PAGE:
Two months before The Caretaker debuted in Toronto, another play, The Lord of the Rings, left the city for London. Just as the Titanic was billed ‘unsinkable’ before it set out on its only voyage, the 2006 Toronto stage production of The Lord of the Rings was called “critic-proof.” One of the biggest undertakings in the theatre industry’s history — estimated at $28 million, with a running cost of around $1 million per week — the extravaganza was expected to run in Toronto for years. Yet even before opening night, skeptics were wagering that it would never float. And they were right. Like the Titanic, The Lord of the Rings was technically unmatched, well-financed and received international media attention, but lacked essential elements that would allow it to overcome unforeseen obstacles: a 10 per cent higher-than-expected budget, some poor casting choices and an unwieldy opening running time of nearly four hours. Both stories worked better as movies.
The Lord of the Rings closed just over five months after opening, and producer Kevin Wallace needed someone to blame. In a press conference announcing the show’s closure, he said, “I would not discount the role of the critics. In the Toronto press, the vote was three to one [against the show]. That became an issue.” The only thoroughly positive review among Toronto’s four major dailies came from the National Post’s Robert Cushman. This near unanimous lack of confidence in the show made critics an easy target for the failure of a project that was supposed to reaffirm Toronto’s place in the theatre world and bring in millions of dollars.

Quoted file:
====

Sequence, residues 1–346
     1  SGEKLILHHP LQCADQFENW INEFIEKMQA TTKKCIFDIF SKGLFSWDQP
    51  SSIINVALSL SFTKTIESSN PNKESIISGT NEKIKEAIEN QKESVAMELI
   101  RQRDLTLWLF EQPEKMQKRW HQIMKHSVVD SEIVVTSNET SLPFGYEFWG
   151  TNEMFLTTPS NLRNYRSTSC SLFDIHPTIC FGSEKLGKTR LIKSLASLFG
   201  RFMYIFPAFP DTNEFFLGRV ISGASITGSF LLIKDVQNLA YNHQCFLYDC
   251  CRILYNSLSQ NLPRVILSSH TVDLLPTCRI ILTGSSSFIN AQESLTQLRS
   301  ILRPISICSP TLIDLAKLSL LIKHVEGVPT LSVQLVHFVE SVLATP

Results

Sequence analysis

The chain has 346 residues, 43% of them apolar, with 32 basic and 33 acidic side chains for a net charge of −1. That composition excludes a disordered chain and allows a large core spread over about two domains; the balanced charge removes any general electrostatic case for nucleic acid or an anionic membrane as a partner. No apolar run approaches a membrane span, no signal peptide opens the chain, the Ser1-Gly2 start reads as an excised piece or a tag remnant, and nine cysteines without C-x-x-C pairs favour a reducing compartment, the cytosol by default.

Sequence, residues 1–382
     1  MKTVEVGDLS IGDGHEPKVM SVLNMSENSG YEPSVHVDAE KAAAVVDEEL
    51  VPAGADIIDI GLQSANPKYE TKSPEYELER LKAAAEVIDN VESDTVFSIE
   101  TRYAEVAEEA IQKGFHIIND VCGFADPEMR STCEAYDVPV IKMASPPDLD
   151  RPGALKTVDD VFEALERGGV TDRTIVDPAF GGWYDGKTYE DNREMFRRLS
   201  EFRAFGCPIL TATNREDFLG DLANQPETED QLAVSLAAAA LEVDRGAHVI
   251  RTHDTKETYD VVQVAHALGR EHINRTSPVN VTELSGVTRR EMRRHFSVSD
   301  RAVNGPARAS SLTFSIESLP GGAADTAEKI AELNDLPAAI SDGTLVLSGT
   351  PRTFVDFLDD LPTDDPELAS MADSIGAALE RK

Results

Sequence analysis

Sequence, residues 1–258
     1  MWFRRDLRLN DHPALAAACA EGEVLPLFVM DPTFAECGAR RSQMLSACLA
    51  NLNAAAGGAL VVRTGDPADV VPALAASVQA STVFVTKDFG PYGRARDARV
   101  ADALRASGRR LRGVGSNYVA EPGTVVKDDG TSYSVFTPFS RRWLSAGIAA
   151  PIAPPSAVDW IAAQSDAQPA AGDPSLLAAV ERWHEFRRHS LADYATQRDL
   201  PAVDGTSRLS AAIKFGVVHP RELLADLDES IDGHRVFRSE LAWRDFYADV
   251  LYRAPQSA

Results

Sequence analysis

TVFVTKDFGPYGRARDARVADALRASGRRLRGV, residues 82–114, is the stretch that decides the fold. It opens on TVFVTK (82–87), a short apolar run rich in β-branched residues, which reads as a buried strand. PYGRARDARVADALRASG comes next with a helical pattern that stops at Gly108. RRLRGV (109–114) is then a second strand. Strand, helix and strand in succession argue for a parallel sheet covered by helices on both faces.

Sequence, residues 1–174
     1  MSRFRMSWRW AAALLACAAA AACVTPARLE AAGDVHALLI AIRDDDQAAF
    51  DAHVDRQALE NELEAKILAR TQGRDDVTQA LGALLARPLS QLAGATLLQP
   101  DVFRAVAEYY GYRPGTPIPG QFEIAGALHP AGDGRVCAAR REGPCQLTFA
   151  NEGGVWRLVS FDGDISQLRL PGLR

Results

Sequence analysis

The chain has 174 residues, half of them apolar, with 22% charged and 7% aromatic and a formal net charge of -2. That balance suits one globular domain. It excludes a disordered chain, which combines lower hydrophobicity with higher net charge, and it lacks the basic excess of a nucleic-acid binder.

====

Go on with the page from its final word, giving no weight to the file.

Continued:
While there is no doubt critics have some influence over what theatre audiences go to see, there is debate over how far their power reaches. Don Rubin, theatre scholar and former Star and CBC critic, says critics weren’t to blame for the short run. “It really was not a good show,” he says, “and afterwards, the producer said, ‘There were real problems,’ essentially saying the critics were right.” Rubin says the most powerful factor in its failure was negative word of mouth. “When there is a general consistency between major reviewers, they have some power,” he says, “but if the critics are split, the biggest determining factor is word of mouth.”